On Romero's departure and Storen's turnaround

When the Nationals show up to work this afternoon, they'll find themselves in a deeper hole in the division than when they left Atlanta on Sunday night.

The Braves' win over the Pirates last night means the Nationals are now a full seven games back of Atlanta in the National League East. The deficit continues to grow and it's again found the deepest it's been all season.

The Nats will try and make up some ground this week as they welcome two below-.500 teams to D.C. - the Mets and Twins. The Mets are coming off a three-game sweep at the hands of the Marlins, who have far and away the worst record in the majors.

Miami outscored the Mets 24-8 during that series, for what it's worth. I can't imagine Mets manager Terry Collins is too proud of those numbers.

Yesterday, the Nats lost one of the left-handed relievers they had stockpiled within their organization when J.C. Romero, who had spent the first two months of the season at Triple-A Syracuse, opted out of his minor league contract. FOXSports.com first reported Romero's decision to opt out and also reported that the veteran lefty is close to a deal with the Indians.

Signed to a minor league deal by the Nats after a strong showing in the World Baseball Classic this spring, Romero got off to a great start with Syracuse, putting up eight straight scoreless appearances to start the season. He finishes his tenure within the Nats system with a 2.40 ERA in 12 2/3 innings, having struck out 16 and walked four.

Romero last pitched for the Chiefs on May 8 and subsequently landed on the DL with tendinitis in his shoulder. The injury came at a bad time for Romero, as he might have gotten the call to join the Nats after Ryan Mattheus broke his hand in San Diego. Instead, the Nats promoted fellow left-handed reliever Fernando Abad from Syracuse, and Abad has impressed, throwing 4 1/3 scoreless innings since his call-up.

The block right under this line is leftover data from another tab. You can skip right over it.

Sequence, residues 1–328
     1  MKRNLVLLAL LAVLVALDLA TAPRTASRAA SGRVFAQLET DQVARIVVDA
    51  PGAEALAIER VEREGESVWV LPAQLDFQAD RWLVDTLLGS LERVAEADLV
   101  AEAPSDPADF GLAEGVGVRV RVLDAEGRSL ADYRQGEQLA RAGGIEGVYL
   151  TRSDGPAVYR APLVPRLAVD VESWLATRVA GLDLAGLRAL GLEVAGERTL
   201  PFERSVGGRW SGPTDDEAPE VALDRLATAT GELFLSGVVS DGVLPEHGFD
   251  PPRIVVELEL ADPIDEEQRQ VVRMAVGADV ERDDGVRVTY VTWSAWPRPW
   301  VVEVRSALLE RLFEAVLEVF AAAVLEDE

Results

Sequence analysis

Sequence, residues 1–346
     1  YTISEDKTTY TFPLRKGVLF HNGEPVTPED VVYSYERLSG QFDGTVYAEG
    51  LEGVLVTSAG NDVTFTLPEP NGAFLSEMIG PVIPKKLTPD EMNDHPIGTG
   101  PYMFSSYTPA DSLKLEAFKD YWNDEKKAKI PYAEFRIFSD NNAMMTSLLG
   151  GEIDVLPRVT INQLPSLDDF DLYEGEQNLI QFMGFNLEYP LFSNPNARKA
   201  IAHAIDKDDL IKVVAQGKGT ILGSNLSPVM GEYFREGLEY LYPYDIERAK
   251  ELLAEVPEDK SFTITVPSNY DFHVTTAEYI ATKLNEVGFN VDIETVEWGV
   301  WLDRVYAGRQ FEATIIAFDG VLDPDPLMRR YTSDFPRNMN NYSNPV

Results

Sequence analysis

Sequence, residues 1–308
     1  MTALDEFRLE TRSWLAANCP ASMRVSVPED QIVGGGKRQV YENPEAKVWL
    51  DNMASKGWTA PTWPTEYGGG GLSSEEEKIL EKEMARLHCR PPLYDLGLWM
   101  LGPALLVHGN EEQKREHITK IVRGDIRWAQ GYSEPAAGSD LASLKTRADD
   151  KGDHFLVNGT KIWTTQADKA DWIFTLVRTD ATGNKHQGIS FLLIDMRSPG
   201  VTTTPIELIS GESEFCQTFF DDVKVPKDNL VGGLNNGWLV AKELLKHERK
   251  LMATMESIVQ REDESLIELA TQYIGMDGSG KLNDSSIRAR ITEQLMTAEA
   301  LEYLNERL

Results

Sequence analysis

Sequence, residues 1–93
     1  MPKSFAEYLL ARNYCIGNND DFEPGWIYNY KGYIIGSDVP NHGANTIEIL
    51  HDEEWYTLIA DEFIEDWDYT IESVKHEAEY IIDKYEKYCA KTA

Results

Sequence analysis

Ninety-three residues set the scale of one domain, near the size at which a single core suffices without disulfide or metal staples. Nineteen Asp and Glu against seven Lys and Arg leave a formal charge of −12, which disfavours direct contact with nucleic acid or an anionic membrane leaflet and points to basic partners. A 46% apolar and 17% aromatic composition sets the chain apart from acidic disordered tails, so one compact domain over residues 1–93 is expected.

Moving from one reliever to another, there was a two-week span from mid- to late May in which Drew Storen struggled like he hadn't struggled since his rookie season in 2010.

During a seven-game stretch, Storen posted a 6.75 ERA, allowing five earned runs over 6 2/3 innings. His WHIP over those seven appearances was a robust 2.252, opponents had an OPS of 1.006 off him and he either allowed an earned run or let an inherited runner score in five of those seven games.

Since then, however, Storen has gotten back on track, delivering five straight scoreless outings dating to May 27. His WHIP in those 4 2/3 innings is 0.644, his OPS against is .343 and he's stranded the only runner he's inherited.

"I was still throwing strikes," Storen said of his rough stretch during a conversation over the weekend, "but it just shows you that the room for error up here is not very much. A lot of stuff I was throwing was flat and it was up in the zone. I was still getting decent results as far as ground balls and stuff, but they were finding holes. And this game is about results, so you've got to make the adjustment."

The adjustment, Storen said, was more mechanical than mental. He focused on not trying to dissect every part of his delivery and instead trusted himself a bit more. The mental approach to each outing stayed consistent throughout the rough patch, Storen said, but he tried to pull back on the over-thinking there, as well.

"It's just a matter of looking at mechanics and focusing on things you can control," Storen said. "I can control where the ball is in the zone, I can control my mechanics and my mental preparation. That's the funny thing about the game. Sometimes you can overanalyze something and you just need to take a step back and simplify it. I think that's what I did.

"It's still the same, though. I felt like I was going out with the same approach. It's not like I was going out and trying a bunch of different stuff each time. But you just keep grinding, knowing that the tide will turn in time."

Given how the Nationals offense has struggled to push runs across and had issues late in games adding insurance runs, it's crucial that the Nats make the most of their opportunities when they do have the a late lead. Having Storen back in a groove can only benefit a team that might be playing plenty of tight ballgames over the rest of this season.

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